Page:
Fuhrmann & Schmidt Brewing Company stock certificate circa 1911
Plain but uncommon beer company cert. The company was a smaller regional brewer that had a steady coal miner clientele from the area.
Founded in 1896 by German immigrants Max Schmidt and P.H. Fuhrmann, the origin of F&S beer actually dates to 1854, when Thomas Richards and John B. Douty started Eagle Run Brewery, a small ale and porter producer situated at the base of two mountains across Route 61 from what is today the west end of Tharptown. In December 1871, Martin Markle purchased the brewery from the Douty family and made extensive improvements. Around that time, Markle began manufacturing what would later become F&S beer.
Philip Henry Fuhrmann was born in Frankenthal, Germany, on June 16, 1863. He received his education there, later moving to Dubois, Pa., in 1883. The following year he became a salesman, then plant superintendent for Chas. D. Kaier Company, a popular brewery in Mahanoy City. By 1885, Fuhrmann, who had accrued $25,000 in company stock, sued Kaier for not properly managing the brewery while he was on vacation in Germany. Founder Charles Kaier bought Fuhrmann's stock and terminated his employment. In 1895, Fuhrmann moved to Shamokin and began negotiations to purchase Eagle Run Brewery from Markle. The sale was completed March 2.
Max Schmidt was born in Schlawe, Prussia (now Germany), on Dec. 30, 1858. He received his education in his native country and in 1877 came to America, first living in New York, then Shenandoah. Schmidt and his brother, Frank, studied the dry goods business and established a general store, which they operated until 1896, when Max moved to Shamokin. That same year, he formed a partnership with Schmidt and incorporated the Fuhrmann and Schmidt Brewing Company.
The Eagle Run plant employed at least 60 people in 1908. The plant contained a storage facility that allowed an output of 50,000 barrels, an ice plant of 25 tons daily capacity and a charcoal and gravel filtering system that killed germs from water taken from Eagle Run. When the popularity of the beer increased, the brand name was changed from Eagle Run Beer to Fuhrmann and Schmidt Pilsner. The firm also established bottling plants in several communities, including Gettysburg and Carlisle.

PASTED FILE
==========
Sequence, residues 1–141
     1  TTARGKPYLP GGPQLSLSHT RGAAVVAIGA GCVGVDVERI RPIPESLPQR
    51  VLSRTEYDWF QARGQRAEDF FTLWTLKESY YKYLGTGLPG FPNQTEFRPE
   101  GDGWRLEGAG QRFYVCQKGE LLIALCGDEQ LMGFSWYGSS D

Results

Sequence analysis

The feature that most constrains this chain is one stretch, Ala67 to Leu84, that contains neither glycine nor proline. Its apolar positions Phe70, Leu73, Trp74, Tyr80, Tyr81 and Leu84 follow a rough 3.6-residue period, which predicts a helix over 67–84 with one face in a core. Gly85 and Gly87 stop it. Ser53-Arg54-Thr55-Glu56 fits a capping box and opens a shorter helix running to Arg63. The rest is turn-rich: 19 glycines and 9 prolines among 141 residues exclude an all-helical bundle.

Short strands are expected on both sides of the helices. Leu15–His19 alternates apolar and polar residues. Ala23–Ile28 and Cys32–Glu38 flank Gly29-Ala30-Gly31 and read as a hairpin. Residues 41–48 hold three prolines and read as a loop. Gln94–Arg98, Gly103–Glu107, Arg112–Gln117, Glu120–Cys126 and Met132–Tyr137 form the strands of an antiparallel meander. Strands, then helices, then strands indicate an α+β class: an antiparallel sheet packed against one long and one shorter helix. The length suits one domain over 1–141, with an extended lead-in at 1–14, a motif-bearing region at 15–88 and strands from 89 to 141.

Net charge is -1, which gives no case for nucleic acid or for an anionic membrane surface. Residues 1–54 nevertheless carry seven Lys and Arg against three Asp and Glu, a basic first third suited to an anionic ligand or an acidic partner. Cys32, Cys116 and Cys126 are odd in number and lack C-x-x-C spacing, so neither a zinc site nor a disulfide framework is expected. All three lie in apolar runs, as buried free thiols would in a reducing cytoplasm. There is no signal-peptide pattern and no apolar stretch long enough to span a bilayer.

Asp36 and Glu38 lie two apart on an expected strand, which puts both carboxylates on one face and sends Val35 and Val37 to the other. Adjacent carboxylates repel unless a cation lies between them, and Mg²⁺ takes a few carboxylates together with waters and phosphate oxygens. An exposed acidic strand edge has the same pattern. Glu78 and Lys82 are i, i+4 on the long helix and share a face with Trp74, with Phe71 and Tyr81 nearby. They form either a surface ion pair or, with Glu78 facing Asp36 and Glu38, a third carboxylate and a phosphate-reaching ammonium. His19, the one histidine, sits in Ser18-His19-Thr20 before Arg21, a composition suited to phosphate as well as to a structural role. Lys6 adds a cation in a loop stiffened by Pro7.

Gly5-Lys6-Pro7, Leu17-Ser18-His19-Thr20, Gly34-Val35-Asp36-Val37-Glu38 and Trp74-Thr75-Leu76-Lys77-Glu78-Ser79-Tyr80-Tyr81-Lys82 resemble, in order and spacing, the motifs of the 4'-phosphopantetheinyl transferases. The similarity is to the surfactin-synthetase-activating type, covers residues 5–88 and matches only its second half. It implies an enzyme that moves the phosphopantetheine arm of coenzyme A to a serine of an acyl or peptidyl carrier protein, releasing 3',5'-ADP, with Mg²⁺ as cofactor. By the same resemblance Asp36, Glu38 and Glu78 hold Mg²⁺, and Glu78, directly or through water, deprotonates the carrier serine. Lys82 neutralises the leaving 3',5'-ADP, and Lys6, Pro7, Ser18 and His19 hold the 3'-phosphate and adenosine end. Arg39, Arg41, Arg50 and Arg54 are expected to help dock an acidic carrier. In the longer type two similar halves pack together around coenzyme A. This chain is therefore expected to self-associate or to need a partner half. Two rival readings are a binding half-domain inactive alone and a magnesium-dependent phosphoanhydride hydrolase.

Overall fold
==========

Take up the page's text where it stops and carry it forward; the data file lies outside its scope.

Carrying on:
Looking to expand production, F&S purchased the defunct Shamokin Brewing Company in the city's Fifth Ward for $77,000 at a bankruptcy sale on April 26, 1912. The 11 lots included in the sale were home to a four-story brick brewing plant and office building that contained various pieces of equipment and machinery. Over the next several years, F&S also purchased several adjoining properties in order to facilitate future expansion.
A fire virtually destroyed Eagle Run Brewery on Jan. 19, 1916. It was rebuilt, although details of how soon couldn't be obtained. That fire wasn't the only bad news for the company - Prohibition was coming in 1920. Anticipating that drastic change, Fuhrmann and Schmidt incorporated the Shamokin Pure Food Products Company and transferred the deed from F&S to Pure Food on Oct. 1, 1917. The plant was retooled and used to process food products, such as salad dressings and vinegar.
On Aug. 10, 1926, the deed to the entire Shamokin plant was sold to Shamokin Beverage and Ice Company for $310,000, which after inflation would be more than $4 million today. Although details are unknown as to why, the firm sold back the property to F&S on Aug. 2, 1932, for $19,585.40, or some $332,000 today.